Flexibility and adaptability
It’s human nature to carve out a routine, it helps create a feeling of safety and security and, in business, it can enable a slick and efficient process for getting things done on time. However, in this new world, flexibility and adaptability are essential for all of us. This can feel uncomfortable and even a bit painful, but often the organisations who adapt quickly in times of change - those who can adjust their normal processes and even their product or service to meet new demands - evolve to be stronger through times of change and crisis.
Introducing flexibility and adaptability into our work world can feel like huge mountains for most of us and something better reserved for large businesses. In reality, it doesn’t need to mean big, complex changes. Small, considered adaptions can make the world of difference. We’ve recently created a series of virtual open days for some of the Oxford Colleges we work with. Potential students can’t visit in person for now, but, through a virtual open day, they can still get that all important feel for the college, collect the information they need and enjoy the environment from the safety of their own home.
Use what you know about yourselves and your customer and factor in the ever-changing environment and adapt accordingly.
The human factor
Our ‘humanness’ as a society has been very much the epicentre of positivity through these tough times. In the height of lockdown, it was heart-warming for all of us to see that the first question posed on emails, in telephone conversations or video calls was ‘how are you?’ – and it was genuine. As organisations and as individuals, we’re all in different situations and coping differently. Tapping into our customers and understanding where they are at, being sensitive to their needs, adapting our communications and even how we conduct our business relationships is now even higher on the agenda, and it’s good for all of us.
Don’t ignore the tech
Technology can feel scary. It evolves rapidly and, if it isn’t your area of expertise, it may not make sense to you, but doesn’t mean that you should turn away from it. Technology can make your business more efficient and give you a competitive edge. Now, more than ever businesses are turning to technology to help them to succeed in this new way of life we all find ourselves in. Pubs and restaurants have adapted their normal processes brilliantly to meet the new social distancing rules by introducing apps and QR codes to create remote ordering.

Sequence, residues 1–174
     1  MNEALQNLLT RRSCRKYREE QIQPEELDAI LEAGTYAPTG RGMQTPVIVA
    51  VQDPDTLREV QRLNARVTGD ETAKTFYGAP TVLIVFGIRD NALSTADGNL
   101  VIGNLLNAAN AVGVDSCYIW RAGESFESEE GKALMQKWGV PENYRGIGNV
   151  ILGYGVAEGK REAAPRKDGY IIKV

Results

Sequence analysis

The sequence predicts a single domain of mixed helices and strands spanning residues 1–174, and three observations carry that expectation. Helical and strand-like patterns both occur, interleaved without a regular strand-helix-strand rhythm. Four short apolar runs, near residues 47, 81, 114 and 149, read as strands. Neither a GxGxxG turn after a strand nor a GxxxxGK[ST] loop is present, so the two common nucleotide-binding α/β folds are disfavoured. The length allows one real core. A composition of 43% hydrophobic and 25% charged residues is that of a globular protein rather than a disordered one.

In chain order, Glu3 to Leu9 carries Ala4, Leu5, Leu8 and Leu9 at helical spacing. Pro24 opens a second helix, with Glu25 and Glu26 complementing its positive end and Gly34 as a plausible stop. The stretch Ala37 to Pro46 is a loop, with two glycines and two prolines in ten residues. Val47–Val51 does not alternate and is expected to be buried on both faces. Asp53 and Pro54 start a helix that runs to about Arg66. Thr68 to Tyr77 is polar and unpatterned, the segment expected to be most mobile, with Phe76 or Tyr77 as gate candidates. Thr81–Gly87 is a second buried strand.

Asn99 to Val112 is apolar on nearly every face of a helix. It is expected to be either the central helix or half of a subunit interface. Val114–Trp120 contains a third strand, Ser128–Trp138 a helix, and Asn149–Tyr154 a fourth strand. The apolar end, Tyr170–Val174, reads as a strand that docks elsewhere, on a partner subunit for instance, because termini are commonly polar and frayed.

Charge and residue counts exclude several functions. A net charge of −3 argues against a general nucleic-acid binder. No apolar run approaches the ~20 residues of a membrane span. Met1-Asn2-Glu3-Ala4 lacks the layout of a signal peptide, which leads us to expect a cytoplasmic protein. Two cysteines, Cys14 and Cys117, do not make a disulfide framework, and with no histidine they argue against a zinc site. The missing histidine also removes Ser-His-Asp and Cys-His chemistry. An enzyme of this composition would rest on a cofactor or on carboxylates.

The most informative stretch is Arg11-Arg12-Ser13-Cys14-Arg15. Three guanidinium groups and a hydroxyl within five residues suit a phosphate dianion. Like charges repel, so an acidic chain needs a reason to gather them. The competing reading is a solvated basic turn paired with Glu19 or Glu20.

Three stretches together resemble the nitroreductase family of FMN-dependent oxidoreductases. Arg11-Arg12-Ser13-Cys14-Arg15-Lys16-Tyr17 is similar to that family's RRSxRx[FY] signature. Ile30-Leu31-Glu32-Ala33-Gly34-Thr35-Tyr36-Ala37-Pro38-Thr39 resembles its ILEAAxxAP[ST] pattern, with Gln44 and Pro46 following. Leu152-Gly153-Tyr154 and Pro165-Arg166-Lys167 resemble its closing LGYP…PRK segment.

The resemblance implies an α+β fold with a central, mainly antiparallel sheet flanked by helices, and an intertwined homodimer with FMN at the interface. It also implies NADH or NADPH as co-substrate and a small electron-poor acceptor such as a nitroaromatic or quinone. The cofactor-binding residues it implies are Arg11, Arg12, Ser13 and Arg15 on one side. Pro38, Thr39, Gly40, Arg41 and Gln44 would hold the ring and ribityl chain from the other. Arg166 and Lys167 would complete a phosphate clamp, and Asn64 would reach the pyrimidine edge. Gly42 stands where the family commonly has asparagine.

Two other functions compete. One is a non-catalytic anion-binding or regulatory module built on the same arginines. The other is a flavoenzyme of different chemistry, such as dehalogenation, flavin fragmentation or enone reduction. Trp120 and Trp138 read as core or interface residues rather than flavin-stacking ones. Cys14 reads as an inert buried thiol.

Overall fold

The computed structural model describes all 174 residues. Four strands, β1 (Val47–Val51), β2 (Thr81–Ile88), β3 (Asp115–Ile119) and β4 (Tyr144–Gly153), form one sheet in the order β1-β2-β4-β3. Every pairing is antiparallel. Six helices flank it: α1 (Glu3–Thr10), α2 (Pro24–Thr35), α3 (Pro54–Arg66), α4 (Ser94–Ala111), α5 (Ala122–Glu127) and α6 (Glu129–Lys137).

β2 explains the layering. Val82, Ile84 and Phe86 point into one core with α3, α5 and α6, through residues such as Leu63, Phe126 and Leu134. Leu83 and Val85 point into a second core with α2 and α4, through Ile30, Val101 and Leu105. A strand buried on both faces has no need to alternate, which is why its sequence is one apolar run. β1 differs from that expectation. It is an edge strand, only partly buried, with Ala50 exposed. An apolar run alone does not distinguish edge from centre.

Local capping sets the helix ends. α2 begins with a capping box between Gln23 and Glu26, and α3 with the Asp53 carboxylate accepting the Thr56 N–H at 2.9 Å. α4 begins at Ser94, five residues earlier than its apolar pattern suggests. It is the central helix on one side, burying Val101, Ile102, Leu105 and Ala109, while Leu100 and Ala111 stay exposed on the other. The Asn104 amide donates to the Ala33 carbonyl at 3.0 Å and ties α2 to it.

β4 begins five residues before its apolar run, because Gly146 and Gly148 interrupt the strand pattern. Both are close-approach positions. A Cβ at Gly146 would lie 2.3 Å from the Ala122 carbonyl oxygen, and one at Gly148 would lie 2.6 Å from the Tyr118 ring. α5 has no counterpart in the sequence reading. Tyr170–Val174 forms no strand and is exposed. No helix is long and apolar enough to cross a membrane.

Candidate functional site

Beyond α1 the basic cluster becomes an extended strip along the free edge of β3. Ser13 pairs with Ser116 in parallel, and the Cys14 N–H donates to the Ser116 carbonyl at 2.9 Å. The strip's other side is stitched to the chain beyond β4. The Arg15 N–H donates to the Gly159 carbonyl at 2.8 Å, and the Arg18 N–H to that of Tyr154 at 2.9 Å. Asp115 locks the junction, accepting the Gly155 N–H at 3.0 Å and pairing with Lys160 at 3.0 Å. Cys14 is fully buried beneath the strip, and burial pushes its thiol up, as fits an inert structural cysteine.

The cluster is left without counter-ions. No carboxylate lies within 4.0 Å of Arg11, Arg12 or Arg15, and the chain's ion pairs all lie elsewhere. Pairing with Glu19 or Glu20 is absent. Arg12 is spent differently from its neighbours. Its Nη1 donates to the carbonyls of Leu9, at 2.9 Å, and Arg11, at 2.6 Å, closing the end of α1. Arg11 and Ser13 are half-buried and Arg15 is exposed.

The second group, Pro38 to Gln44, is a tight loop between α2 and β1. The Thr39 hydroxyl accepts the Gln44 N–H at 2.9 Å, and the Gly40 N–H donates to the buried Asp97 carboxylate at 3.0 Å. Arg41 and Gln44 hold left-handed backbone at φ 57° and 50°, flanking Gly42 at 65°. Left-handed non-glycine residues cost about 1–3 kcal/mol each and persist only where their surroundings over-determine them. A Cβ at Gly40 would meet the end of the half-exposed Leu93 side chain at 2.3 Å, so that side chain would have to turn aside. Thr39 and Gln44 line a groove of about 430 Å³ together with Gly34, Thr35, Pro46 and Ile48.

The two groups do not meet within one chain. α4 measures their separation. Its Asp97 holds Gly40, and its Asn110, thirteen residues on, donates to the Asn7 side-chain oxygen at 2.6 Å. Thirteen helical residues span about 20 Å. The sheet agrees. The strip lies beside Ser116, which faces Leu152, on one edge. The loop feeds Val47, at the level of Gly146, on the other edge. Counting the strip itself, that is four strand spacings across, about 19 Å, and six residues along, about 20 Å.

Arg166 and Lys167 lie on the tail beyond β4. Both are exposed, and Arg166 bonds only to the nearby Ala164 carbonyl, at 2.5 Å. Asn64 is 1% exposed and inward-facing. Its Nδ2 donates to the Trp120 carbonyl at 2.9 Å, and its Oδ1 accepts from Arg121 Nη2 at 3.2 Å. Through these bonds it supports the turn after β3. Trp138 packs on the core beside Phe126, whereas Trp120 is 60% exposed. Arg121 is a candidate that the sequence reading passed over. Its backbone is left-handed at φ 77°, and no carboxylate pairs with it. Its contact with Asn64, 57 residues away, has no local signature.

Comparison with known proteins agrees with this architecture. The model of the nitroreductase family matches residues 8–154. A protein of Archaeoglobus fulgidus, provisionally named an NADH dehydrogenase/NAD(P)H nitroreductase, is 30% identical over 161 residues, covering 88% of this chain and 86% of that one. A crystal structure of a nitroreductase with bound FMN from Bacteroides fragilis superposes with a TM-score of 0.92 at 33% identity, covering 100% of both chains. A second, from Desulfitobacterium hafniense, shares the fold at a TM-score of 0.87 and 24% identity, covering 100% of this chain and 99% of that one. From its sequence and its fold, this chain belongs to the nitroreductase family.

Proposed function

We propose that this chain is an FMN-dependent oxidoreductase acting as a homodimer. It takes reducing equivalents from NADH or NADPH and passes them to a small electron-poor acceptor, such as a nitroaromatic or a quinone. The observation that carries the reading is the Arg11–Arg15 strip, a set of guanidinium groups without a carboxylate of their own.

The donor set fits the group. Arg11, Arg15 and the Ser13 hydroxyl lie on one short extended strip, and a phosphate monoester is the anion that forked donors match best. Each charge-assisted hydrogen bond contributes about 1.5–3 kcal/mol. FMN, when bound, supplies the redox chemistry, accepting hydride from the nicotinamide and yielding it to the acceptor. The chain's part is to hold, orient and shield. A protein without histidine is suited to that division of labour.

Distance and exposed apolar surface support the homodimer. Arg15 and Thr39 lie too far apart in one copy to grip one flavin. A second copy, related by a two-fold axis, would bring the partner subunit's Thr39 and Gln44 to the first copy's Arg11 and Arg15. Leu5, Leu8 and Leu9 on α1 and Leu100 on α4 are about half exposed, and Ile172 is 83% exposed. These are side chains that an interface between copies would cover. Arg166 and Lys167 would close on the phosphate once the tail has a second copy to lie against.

If you don’t have the expertise internally, bring in an external partner to help. We do this for a range of clients, helping them to keep on top.
According to Albert Einstein, “Once you stop learning, you start dying”. Very true, but in reality, learning can feel like something we just don’t have time for in our already very busy lives. However, it doesn’t have to be daunting, rigid or formal. Nor does it mean that you have to burn the midnight oil trying to cram in and keep up. We’ve found that learning can be woven in to the everyday. For us, learning is listening to a TED talk on the way to work, reading an article in a journal at lunch, or taking time to read a good book. One of the great things that has come out of lockdown has been the availability of brilliant (and often free) learning resources. There are lots of great webinars and online lectures taking place which, even if you can’t attend ‘live’, can still be accessed afterwards. The key thing is not to worry about dedicating hours of time that you just don’t have, but instead keeping your mind open to learning and fitting in bits and pieces here and there into your daily life and encouraging your team to do the same. You’ll be amazed at the difference it will make.
Need help in using technology in your ‘new normal’ game plan? Get in touch, we’d love to chat.